Trojan (celestial body)

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The trojan points are those labelled L4 and L5, highlighted in red, on the orbital path of the secondary object (blue), around the primary object (yellow).

In astronomy, a trojan is a minor planet or moon that shares the orbit of a planet or larger moon, wherein the trojan remains in the same, stable position relative to the larger object. In particular, a trojan remains near one of the two trojan points of stability – designated L4 and L5 – which lie approximately 60° ahead of and behind the larger body, respectively. Trojan points make up two of five types of Lagrangian points, and a trojan is a type of Lagrangian object.

They are one type of co-orbital object. In this arrangement, the massive star and the smaller planet orbit about their common barycenter. A much smaller mass located at one of the Lagrangian points is subject to a combined gravitational force that acts through this barycenter. Hence the object can orbit around the barycenter with the same orbital period as the planet, and the arrangement can remain stable over time.[1]

The Jupiter trojans account for most known trojans in the Solar System. They are divided into the Greek camp (L4) in front of and the Trojan camp (L5) trailing behind Jupiter in their orbit. More than 7,000 have been found so far and more than a million Jupiter trojans larger than one kilometer are thought to exist, whereas only a few Mars trojans (9) and Neptune trojans (22) have been found to date. Numerical orbital dynamics stability simulations indicate that Saturn and Uranus probably do not have any primordial trojans.[2] The discovery of the first Earth trojan, 2010 TK7, was announced by NASA in 2011.[3]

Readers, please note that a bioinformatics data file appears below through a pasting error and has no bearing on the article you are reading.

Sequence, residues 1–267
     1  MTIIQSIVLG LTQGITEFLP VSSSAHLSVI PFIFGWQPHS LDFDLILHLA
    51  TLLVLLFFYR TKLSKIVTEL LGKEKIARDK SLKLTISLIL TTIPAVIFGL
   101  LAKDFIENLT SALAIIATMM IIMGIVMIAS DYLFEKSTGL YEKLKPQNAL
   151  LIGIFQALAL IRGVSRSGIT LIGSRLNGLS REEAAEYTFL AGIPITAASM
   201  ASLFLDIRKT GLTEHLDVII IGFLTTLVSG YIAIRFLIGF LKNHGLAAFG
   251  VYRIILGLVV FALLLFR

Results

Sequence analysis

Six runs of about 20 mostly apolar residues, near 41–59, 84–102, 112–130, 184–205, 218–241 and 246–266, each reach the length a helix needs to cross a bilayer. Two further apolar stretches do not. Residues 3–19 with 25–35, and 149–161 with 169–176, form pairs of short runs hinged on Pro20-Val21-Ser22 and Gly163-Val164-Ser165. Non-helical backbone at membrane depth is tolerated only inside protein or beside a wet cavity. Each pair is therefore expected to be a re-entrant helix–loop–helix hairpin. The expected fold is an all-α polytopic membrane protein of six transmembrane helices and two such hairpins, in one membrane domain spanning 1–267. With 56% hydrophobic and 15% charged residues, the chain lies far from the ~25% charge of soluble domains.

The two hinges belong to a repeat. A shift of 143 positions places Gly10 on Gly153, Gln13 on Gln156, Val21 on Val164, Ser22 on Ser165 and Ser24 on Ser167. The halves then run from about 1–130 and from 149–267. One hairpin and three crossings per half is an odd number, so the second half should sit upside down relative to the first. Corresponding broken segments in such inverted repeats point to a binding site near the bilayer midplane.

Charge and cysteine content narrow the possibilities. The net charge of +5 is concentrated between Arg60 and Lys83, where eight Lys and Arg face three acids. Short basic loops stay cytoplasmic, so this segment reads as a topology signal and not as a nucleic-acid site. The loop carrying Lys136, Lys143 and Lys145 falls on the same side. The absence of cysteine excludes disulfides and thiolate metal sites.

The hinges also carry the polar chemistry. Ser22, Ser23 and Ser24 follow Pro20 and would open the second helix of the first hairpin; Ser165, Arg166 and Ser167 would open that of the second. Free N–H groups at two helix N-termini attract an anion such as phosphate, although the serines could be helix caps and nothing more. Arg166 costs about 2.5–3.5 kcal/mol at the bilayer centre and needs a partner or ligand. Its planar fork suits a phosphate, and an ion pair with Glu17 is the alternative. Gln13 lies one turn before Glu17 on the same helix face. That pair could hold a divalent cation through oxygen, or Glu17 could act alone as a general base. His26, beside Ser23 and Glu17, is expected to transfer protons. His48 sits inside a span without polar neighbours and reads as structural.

Unlike trojan minor planets that share the orbit with a planet, a trojan moon is a moon orbiting near the trojan point of another, larger moon. All known trojan moons are part of the Saturn system. Telesto and Calypso are trojans of Tethys, and Helene and Polydeuces of Dione. There is also a theoretical concept of a trojan planet, a planet that orbits at the trojan point of another, larger planet. Such a pair of co-orbital exoplanets was already thought to exist in another star system, but this claim was later retracted.[4]

Trojan minor planets[edit]

The Jupiter trojans in front of and behind Jupiter along its orbital path, the asteroid belt between Mars and Jupiter, and the Hilda asteroids.
  Jupiter trojans   Asteroid belt   Hilda asteroids

In 1772, the Italian–French mathematician and astronomer Joseph-Louis Lagrange obtained two constant-pattern solutions (collinear and equilateral) of the general three-body problem.[5] In the restricted three-body problem, with one mass negligible (which Lagrange did not consider), the five possible positions of that mass are now termed Lagrangian points.

The term "trojan" originally referred to the "trojan asteroids" (jovian trojans) that orbit close to the Lagrangian points of Jupiter. These have long been named for figures from the Trojan War of Greek mythology. By convention, the asteroids orbiting near the L4 point of Jupiter are named for the characters from the Greek side of the war, whereas those orbiting near the L5 of Jupiter are from the Trojan side. There are two exceptions, which were named before the convention was put in place, the Greek 617 Patroclus and the Trojan 624 Hektor, which were assigned to the wrong sides.[6]

Astronomers estimate that the jovian trojans are about as numerous as the asteroids of the asteroid belt.[7]

Later on, objects were found orbiting near the Lagrangian points of Neptune, Mars, Earth,[8] Uranus, and Venus. Minor planets at the Lagrangian points of planets other than Jupiter may be called Lagrangian minor planets.[9]